War of the Rebellion: Serial 013 Page 0824 THE PENINSULAR CAMPAIGN,VA. Chapter XXIII.

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the position of the enemy. We were here supported by a Georgia regiment, which, having charged under mistaken orders, soon returned to their original position with General Wright's brigade. Thus it was that my regiment, with a part of the Fourteenth Virginia, under the command of a captain, [and] a part of the Fifty-third, Colonel Tomlin, held this advanced position for three hours awaiting orders. Receiving none, I sent Major Cabell to General Armistead asking orders, who returned with instruction that we must hold our position, and that re-enforcements would soon be at hand. I am proud to say we did hold our position through all the storm of bullets, canister, grape [and] shell, with occasional shells from the huge pieces playing upon us from the gunboats, until we saw they gallant Wright, with hat off and glittering blade, leading his brigade across the hill to our support.

New life was infused among those wearied with watching and waiting; every man was at this post; loud shouts of welcome rent the air; all sprang to their feet, feeling certain of victory with such a support Being the ranking colonel of the brigade (Colonel Hodges being stunned and having his beard singed by the explosion of a shell when just emerging from the wood), General Armistead being absent, I gave the order to charge, which was most gallantly performed by all engaged. Again leading, closely followed by General Wright's brigade until we reached the musket-range of the enemy's supports to his artillery, where the fire from both became so galling a momentary pause ensued. Six times was the attempt made to charge the batteries by the regiment of Armistead's brigade (just mentioned) and as many times did they fail for want of support of the left, involving the necessity of falling back a short distance under the cover of the brow of the hill.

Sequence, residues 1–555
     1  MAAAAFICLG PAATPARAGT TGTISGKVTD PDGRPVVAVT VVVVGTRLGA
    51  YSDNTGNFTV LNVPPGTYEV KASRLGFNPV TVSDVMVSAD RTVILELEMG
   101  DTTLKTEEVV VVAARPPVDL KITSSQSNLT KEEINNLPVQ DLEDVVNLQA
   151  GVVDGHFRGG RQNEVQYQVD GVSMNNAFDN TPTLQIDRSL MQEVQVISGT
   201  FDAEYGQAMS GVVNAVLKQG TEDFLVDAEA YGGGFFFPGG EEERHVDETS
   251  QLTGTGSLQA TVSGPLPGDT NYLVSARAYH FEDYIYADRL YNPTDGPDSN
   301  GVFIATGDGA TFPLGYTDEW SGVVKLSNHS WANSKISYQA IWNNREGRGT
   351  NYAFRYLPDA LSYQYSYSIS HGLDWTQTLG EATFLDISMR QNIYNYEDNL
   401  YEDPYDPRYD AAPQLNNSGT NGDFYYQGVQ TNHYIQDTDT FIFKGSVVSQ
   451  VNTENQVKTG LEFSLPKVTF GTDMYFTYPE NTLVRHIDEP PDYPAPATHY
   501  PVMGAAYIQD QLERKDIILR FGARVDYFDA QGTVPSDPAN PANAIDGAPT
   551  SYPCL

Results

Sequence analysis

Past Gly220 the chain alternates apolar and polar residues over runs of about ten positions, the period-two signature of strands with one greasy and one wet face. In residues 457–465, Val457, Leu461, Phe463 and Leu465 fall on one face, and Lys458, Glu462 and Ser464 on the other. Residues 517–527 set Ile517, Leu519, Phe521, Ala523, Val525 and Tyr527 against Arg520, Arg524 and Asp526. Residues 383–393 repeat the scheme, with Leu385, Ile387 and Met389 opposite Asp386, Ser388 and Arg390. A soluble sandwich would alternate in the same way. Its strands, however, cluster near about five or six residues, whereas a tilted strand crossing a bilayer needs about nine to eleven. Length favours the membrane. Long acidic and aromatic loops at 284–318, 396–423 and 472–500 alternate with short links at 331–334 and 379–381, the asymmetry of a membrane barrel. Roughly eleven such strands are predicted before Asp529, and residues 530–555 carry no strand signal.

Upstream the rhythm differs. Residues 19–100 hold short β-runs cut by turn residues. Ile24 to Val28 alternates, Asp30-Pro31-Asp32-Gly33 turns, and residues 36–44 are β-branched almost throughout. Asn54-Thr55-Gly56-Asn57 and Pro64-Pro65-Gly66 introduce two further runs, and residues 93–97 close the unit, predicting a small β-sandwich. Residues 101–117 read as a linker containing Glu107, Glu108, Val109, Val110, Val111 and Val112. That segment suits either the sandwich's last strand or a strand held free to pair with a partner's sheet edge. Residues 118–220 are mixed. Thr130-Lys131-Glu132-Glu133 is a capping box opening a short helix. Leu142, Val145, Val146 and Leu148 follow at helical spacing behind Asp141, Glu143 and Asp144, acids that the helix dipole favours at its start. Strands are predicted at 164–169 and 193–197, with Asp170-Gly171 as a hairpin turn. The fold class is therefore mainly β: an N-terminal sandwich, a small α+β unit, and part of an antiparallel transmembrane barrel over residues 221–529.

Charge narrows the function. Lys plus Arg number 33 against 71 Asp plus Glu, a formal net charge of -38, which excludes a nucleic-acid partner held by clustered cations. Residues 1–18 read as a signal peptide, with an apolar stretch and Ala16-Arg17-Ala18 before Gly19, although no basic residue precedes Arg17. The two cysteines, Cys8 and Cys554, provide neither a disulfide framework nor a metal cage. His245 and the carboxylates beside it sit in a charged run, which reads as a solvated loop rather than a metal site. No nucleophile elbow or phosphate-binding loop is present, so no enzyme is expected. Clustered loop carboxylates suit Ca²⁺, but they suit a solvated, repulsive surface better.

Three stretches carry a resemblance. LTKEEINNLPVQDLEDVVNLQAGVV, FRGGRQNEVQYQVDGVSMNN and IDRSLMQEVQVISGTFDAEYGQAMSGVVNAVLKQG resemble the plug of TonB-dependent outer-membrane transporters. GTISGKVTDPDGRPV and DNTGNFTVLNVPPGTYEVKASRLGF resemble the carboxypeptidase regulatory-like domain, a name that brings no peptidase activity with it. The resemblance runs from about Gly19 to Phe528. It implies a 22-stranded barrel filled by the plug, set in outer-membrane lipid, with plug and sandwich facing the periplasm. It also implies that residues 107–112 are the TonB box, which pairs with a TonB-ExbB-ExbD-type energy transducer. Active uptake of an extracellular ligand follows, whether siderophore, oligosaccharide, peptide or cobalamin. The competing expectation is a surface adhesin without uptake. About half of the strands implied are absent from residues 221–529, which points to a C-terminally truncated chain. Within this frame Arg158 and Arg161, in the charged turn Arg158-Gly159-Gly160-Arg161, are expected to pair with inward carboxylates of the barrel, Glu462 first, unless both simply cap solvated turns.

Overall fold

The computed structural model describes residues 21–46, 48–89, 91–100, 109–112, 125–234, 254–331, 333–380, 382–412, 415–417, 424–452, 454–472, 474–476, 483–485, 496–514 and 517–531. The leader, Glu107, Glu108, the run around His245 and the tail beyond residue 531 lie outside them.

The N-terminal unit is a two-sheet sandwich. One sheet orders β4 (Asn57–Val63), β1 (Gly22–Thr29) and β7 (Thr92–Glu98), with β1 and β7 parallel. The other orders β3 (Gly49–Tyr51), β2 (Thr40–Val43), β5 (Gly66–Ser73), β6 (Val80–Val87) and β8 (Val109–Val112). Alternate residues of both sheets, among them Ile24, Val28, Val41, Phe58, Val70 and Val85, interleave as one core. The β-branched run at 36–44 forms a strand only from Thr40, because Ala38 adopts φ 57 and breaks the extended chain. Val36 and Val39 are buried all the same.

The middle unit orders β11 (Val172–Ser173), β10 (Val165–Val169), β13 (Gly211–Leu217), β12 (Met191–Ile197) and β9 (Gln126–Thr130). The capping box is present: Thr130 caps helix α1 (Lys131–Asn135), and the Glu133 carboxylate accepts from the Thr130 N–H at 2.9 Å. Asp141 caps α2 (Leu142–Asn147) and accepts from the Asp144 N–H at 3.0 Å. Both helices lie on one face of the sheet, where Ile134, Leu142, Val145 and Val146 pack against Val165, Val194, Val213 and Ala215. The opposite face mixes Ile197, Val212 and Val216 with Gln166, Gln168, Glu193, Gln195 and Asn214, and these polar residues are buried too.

Every man most nobly on that occasion; all officers and men, heedless of the deadly fire to which they were exposed, seemed intent upon gaining the enemy's position.

I have the painful duty to announce the loss of my color-sergeant (L. P. H. Tarpley), first color-corporal (Cornelius Gilbert), and Private Parker, of Company F, who fell upon the field while bearing the colors in advance of the regiment during the charges made. Color-Corporals Watkins, Burlington, and Gregory were severely wounded each in turn as they grasped the colors. They were then seized by Lieutenant-Colonel Whittle, who was badly wounded and compelled to retire. Captain Daniel (volunteer officer, commanding Company F) then took them, and he, too, fell severely wounded in three places, and was borne the field. I then took them for a while, and when in the act of handing them over to the only remaining color guard, who claimed the right to carry them, the staff was shattered, the flag falling, but not upon the ground; it was caught by Color Corpl. William M. Bohannon, who stuck it upon his bayonet and gallantly bore it the remainder of the fight.

I beg to mention particularly all of my color guard as deserving the highest commendation, and would recommend that some distinctive badge be given them. I also desire to return my thanks to Lieutenant

Colonel P. B. Whittle, who acted his part most gallantly, proving himself worthy of the position he held, daring all things, fearing nothing.

Volunteer Captain R. T. Daniel performed every duty in the most creditable manner, though among strangers. His deeds won their confidence and respect and attested his gallantry. I observed him particularly when waving the colors and urging the men forward, not a muscle or nerve betraying a want of firmness; calmness and composure was expressed